Continuing our series on yield curves, this month we explain how to construct a zero-coupon yield curve. We consider two-year and three-year maturities.

Next month we will conclude our series on yield curves by demonstrating how the resulting calculations are graphically represented.

Zero-coupon yield curves can actually be constructed from a series of coupon-paying bonds. This is a technique known as ‘bootstrapping’. For example, consider the following bonds which pay annual coupons and have a maturity of two and three years respectively.

Price | Coupon | Maturity |
---|---|---|

98.435 | 5 | 2 years |

96.784 | 4 | 3 years |

#### Two year maturity

The investor will pay 98.435 for the first bond, to receive 5 (the coupon) in one year and 105 (the coupon and repayment at par) at the end of two years.

In order to calculate the equivalent zero-coupon bond structure, we take the 98.435 that the investor pays to purchase the bond and assume the investor borrows 4.717 to offset the interim coupon payment – to make this calculation you need the one-year interest rate and we have assumed a oneyear rate of 6%. So the net cash outflow is 93.718.

At the end of the first year, the investor will use the interim coupon payment to repay the borrowing of 4.717, which with interest has become 5. At the end of the second year, the investor will receive 105.

This allows us to identify the two-year zero-coupon rate. This is the rate which discounts 105 to 93.718. To calculate this, we use the following formula:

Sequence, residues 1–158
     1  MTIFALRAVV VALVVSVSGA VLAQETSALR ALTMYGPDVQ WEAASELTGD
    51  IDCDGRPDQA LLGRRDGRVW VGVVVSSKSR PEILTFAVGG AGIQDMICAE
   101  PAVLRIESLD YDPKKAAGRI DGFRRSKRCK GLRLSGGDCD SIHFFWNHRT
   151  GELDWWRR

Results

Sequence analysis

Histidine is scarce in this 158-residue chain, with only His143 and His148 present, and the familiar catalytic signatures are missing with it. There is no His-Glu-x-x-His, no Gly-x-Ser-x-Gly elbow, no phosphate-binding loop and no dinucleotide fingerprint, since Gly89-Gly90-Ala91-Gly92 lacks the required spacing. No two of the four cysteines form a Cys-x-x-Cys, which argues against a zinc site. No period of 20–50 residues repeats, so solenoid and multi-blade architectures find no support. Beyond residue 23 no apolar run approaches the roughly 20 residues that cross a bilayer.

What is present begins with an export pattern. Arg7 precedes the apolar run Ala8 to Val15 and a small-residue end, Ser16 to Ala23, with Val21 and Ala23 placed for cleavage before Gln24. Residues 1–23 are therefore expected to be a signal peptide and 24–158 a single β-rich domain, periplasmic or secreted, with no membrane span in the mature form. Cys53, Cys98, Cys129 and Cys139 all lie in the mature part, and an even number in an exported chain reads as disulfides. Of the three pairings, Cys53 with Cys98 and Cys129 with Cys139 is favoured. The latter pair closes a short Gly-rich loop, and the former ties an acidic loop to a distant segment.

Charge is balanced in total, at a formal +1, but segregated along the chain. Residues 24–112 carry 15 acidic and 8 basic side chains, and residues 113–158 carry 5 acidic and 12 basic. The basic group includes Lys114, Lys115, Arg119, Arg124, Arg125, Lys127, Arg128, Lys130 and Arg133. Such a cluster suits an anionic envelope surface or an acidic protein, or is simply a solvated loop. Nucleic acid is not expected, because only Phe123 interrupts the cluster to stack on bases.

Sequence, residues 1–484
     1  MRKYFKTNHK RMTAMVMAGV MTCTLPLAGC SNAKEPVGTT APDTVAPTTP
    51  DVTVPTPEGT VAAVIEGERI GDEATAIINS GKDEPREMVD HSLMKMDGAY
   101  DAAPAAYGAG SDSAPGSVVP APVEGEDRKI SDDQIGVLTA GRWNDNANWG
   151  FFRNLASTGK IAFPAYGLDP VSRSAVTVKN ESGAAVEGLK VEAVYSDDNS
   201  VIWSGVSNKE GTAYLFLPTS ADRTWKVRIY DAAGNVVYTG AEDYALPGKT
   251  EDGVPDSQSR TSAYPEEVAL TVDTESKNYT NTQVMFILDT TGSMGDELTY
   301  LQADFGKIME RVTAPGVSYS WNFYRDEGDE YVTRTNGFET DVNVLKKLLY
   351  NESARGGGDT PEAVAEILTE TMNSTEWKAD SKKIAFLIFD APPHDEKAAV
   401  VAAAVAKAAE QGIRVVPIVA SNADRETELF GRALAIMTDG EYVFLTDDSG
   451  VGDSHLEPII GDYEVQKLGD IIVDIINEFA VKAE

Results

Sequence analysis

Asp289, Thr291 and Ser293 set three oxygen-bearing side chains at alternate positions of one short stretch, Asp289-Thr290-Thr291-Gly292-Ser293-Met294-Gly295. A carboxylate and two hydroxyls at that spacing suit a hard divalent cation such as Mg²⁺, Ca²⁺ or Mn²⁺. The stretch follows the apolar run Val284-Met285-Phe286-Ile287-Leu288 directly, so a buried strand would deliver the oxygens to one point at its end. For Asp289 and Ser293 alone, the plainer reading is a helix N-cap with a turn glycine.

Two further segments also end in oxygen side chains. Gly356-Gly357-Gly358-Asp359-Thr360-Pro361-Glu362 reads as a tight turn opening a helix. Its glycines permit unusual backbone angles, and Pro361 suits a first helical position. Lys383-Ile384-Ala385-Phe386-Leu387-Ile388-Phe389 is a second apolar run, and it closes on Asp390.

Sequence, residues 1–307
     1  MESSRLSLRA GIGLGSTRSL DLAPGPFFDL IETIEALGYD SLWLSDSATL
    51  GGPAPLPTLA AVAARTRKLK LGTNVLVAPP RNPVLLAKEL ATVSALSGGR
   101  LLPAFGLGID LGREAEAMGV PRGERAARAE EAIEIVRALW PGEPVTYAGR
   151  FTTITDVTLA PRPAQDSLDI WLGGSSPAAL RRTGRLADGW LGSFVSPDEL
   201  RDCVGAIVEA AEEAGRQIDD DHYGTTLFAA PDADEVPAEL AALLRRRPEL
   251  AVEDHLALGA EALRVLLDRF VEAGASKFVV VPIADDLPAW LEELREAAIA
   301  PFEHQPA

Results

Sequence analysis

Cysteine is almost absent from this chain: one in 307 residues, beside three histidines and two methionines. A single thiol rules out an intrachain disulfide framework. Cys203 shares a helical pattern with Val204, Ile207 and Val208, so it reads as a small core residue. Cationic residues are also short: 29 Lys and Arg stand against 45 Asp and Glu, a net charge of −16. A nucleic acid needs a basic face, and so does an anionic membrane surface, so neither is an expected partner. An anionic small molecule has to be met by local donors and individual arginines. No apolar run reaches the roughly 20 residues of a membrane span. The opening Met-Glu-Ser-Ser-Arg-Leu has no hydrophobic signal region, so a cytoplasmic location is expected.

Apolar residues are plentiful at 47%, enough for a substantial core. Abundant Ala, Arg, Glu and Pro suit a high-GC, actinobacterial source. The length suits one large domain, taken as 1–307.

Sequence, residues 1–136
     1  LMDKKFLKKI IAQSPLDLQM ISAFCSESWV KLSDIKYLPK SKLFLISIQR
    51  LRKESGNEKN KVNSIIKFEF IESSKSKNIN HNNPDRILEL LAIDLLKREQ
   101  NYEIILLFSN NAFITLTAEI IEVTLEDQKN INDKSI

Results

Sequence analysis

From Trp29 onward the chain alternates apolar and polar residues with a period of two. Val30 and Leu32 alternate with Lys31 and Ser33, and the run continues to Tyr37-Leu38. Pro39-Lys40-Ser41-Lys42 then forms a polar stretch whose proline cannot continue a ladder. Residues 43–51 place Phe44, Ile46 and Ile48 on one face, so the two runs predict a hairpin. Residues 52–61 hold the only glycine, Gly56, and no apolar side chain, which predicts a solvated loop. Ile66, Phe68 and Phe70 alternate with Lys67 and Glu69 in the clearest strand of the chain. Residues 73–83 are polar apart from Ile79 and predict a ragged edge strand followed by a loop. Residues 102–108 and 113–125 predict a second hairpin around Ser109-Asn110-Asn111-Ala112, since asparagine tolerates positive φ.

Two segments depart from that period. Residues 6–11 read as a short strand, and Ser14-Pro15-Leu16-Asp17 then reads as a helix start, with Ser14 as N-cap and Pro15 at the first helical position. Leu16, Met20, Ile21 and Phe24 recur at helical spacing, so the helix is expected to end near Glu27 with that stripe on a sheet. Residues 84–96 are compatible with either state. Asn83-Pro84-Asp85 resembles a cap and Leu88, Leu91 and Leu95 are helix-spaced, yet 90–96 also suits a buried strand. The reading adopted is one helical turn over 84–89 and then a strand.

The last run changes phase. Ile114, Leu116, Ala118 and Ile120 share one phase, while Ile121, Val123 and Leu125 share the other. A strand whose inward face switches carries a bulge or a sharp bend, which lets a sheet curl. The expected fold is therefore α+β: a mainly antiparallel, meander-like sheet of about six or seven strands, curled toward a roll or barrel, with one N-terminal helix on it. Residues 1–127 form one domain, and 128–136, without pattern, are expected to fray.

\(i\:=\:\frac{FV}{PV}\:1 / n\:\: – \:1\)

Where,

- \(i\:= \:interest\: rate\)
- \(FV\:=\: future \:value\)
- \(PV\:= \:present \:value*\)
- \(n\:= \:number\: of\: years.\)

In this case,

\(i\:=\:\frac{105}{93.718} ^{1 / 2} \:– \:1\)

\(i\:=\:0.05848\)

So the two-year zero-coupon rate is 5.848%

**the present value must be entered as a negative value if using an HP12C or equivalent calculator because it is an expenditure.*

#### Three year maturity

We can also use this information to calculate a three-year zero-coupon rate. In this case, we need to construct an artificial zero-coupon bond, by identifying how much the investor would need to borrow to offset the payment of the two interim coupons of 4.

By using the one-year rate of 6%, we can calculate the investor would need to borrow 3.774 today to match the coupon of 4 in one year.

We also need to calculate how much the investor would need to borrow today, to match the anticipated two-year coupon receipt of another 4. For this, we use the two-year rate which will be the same as the zero-coupon rate we calculated earlier – 5.848%.

The two-year discount factor is \(\frac{1}{1.058482}\:=\:0.8926\:\:\) Using this, we can calculate that the investor would need to borrow 3.570 today to receive 4 in two years.

In order to calculate the zero-coupon rate, we assume the investor purchases the bond for 96.784 and borrows 7.344 to compensate for the two interim interest payments. The investor’s initial outlay is therefore 89.440.

Using the same formula as outlined above \(i\:=\:\frac{FV}{PV}\:1/n\:–\:1\) , we can then identify the three-year zerocoupon rate. In other words, the rate which discounts 104 to 89.440.

In this case:

\(i\:=\:\frac{104}{89.440}\:^{1 / 3} – 1\)

\(i\:=\:0.05156\)So the three-year zero-coupon rate is 5.156%

Using the different zero-coupon rates we have calculated, it is then possible to create a series of zero-coupon yields and then construct the yield curve.